Indeed, “Hindu” is a foreign term, and not one the ancient rishis used to define or label themselves.  But in modern times, it is the word that is generally associated with those 1 billion of us who happen to have been born from their legacy or been inspired to live our lives according to their teachings of ahimsa, brahmacharya, bhakti, satsang and seva; Ekam sat vipraha bahuda vadanti (Truth is one the wise call It by many names) and Vasudaiva Kutumbakam (the world is one family).

Many have also argued that Hinduism, and by extension its practices, including yoga, is not a religion, but a spiritual science or a way of life. While there is truth to these descriptions as well, the argument falls short when the general understanding of religion in the framework of civil and human rights law is that a religion is a collection of sincerely held beliefs, worldviews, or cultural systems relating to existential questions such as the relationship between material existence and the supernatural or the purpose of life.

In this context, Hinduism absolutely is a religion, although unique among the world’s religions, as it has no identifiable beginning in history, no single founder or prophet, no central religious establishment or sole authoritative scripture, and generally does not proselytize or seek conversion.

It is also crucial to understand that where adherents of other “world religions” come together at various influential international platforms to define religious freedom or defend religious minorities, we must take ownership of the terms Hindu and Hinduism, and define on our own terms who we are, what we do, and what we believe, lest we remain voiceless on a global scale.

In delinking yoga from its religious foundation, yoga has grown to be equated with asana and over-commercialized.  Most of what is billed as yoga around the world is not the yoga described in the Yoga Sutra or any of yoga’s seminal texts. Rather it has morphed into a form of asana without devotion, understanding, or reflection, and therefore, more akin to mere exercise.

Case in point: one can register for a myriad of “yoga”: naked yoga, beer yoga, dog, cat, or goat yoga, even Christian yoga, the list is endless. In today’s mass commercialization, the term “yoga” is loosely applied to the latest fitness creation that bears little to no resemblance to yoga as a quest for selfless service, loving devotion of God, the pursuit of Truth and knowledge, or citta-vritti-nirodhah.

The result — a decline of yoga as an inward, spiritual quest.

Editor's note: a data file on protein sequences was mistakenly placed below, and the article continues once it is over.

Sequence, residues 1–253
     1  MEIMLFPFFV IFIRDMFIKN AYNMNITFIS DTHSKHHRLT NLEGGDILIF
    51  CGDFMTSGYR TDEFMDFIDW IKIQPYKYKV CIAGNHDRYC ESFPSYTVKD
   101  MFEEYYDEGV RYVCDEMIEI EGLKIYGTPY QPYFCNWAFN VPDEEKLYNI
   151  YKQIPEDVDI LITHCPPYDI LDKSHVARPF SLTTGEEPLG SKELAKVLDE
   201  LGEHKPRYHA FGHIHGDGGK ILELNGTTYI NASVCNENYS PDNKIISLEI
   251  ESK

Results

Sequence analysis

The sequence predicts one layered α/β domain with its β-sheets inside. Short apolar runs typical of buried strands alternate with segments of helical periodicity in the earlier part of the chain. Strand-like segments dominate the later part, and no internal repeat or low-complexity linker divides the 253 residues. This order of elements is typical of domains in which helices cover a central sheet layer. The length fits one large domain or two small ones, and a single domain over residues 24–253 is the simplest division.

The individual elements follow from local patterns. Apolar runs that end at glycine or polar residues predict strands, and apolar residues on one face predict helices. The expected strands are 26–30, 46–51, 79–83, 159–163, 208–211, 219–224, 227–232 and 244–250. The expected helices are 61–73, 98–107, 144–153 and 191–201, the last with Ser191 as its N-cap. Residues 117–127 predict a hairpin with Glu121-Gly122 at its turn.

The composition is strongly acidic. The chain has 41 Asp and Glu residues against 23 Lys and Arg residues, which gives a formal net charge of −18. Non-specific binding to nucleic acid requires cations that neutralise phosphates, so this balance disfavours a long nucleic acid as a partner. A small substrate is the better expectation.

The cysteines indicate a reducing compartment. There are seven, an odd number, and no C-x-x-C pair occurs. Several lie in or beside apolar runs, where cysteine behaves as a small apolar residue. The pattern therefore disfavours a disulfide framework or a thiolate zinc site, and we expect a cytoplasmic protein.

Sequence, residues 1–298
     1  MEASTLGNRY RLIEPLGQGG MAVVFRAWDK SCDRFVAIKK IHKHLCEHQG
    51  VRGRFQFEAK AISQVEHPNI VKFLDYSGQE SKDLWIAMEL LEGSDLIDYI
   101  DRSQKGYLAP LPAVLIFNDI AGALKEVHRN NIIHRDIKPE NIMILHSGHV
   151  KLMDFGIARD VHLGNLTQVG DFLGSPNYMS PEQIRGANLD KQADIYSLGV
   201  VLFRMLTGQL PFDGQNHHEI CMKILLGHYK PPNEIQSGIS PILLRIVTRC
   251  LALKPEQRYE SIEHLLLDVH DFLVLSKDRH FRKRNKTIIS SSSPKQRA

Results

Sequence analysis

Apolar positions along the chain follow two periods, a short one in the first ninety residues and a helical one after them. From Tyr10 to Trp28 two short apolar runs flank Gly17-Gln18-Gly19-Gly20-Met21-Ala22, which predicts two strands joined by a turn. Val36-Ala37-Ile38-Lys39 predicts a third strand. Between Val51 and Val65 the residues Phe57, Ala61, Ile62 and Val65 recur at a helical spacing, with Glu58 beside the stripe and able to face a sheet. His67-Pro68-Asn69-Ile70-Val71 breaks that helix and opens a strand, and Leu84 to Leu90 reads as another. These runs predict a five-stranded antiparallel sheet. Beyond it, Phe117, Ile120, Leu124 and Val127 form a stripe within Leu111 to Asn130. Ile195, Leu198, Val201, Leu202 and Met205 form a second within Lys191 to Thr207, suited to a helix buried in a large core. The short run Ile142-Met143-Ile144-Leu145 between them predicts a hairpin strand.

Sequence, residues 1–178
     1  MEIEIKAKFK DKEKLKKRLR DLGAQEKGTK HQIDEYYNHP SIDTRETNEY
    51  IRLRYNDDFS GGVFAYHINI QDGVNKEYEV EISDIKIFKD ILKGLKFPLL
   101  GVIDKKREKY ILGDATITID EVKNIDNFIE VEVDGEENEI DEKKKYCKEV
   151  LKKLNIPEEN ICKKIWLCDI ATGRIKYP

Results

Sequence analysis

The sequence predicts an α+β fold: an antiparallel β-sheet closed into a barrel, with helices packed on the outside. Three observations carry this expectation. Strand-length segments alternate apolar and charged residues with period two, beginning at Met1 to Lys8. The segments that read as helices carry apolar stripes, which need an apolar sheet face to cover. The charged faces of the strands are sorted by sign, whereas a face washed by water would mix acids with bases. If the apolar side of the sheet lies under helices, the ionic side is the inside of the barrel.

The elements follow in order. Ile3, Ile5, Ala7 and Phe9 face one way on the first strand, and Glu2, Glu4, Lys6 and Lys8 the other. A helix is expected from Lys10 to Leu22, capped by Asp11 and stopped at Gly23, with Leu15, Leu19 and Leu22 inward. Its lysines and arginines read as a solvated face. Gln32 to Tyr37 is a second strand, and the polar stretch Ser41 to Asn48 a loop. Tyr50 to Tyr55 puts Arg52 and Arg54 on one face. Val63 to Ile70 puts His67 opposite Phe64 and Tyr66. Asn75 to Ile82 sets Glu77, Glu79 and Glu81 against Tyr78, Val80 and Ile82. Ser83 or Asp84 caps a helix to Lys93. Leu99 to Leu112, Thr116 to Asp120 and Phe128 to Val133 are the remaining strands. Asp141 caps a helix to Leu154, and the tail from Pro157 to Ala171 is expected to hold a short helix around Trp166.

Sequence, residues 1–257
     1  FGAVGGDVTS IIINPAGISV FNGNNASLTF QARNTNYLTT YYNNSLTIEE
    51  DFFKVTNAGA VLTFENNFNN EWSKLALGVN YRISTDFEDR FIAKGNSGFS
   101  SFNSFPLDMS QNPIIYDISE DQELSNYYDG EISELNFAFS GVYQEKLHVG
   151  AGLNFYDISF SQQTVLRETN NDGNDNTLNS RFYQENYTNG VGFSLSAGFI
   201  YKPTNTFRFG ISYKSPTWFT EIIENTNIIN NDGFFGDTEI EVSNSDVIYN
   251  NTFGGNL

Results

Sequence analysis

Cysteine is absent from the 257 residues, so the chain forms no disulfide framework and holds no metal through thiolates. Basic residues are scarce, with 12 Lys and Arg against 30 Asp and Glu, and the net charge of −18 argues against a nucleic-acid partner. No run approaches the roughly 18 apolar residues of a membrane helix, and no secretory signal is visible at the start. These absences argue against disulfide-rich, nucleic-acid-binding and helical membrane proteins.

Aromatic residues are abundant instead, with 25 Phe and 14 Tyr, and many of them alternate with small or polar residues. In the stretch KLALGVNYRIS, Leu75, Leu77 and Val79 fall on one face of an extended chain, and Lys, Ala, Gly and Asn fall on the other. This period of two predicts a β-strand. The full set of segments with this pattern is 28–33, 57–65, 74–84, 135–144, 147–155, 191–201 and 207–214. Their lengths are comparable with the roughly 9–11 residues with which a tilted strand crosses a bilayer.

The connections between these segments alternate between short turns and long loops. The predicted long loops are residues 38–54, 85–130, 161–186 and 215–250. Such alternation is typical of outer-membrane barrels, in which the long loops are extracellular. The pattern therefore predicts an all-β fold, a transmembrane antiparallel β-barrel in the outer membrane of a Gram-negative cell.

Lastly all this bending over backwards and twisting around religion begs the question as to who we are doing it for.

In the American context, here is some food for thought.  A 2008 Pew Forum survey, found that 65% of Americans believe that ‘many religions can lead to eternal life’— including 37% of white evangelicals, the group most likely to believe there is only one truth.  Sounds a little like understanding or believing Ekam sat vipraha bahudha vadanti is on the rise.

30% of Americans call themselves ‘spiritual, not religious,’ according to a 2009 NEWSWEEK Poll, up from 24% in 2005, which generally means more openness towards learning about or adopting practices from other or different spiritual traditions.

And 24% of Americans say they believe in reincarnation, according to a 2008 Harris poll.  Whether the figure of more than ⅓ of Americans choosing cremation, up from 6%, according to the Cremation Association of North America.  Whether a belief in reincarnation translates to cremation is uncertain, but it’s certainly plausible for some.

The Path Forward

It was the intentional and overt omission of the word “Hindu” from the Yoga Journal that prompted HAF’s efforts to combat the delinking of Hinduism from yoga.  Today, the Indian government and others have an opportunity to both promote the benefits of yoga, but also preserve its spiritual heritage and yoga’s aim.

As a secular government India will need to balance the sacred and the secular, or in other words, the “soft power” and benefits of yoga with sensitivities of other religious communities who may feel celebrations are an imposition of Hindu practices.  And it will need to remain truthful in its claims about yoga and its benefits so as to not politicize that which is truly beneficial for all people of all backgrounds.

While past statements may have fallen short, there is a path forward where honest messaging, or as they say, truth in advertising, can allay many of the consequences outlined here.

Prior to launching and throughout TBY’s evolution, we have wrestled over important questions such as why it’s important for the public to understand yoga beyond its physical aspects? Would equating yoga with a “religion” reduce its popularity in largely Christian or secular contexts? Would funding of research on the physical and psychological benefits be impacted if yoga is equated to a religious practice? How might seeking acknowledgment be misconstrued as seeking ownership, thereby contradicting the universal nature of yoga?

We’ve faced similar tensions as the Indian government when faced with the question of whether government funded public schools in America should offer yoga as part of their curriculum.  In the American context, public schools are proscribed from mixing religion and the state. After much reflection and consultation with others, we came upon the following: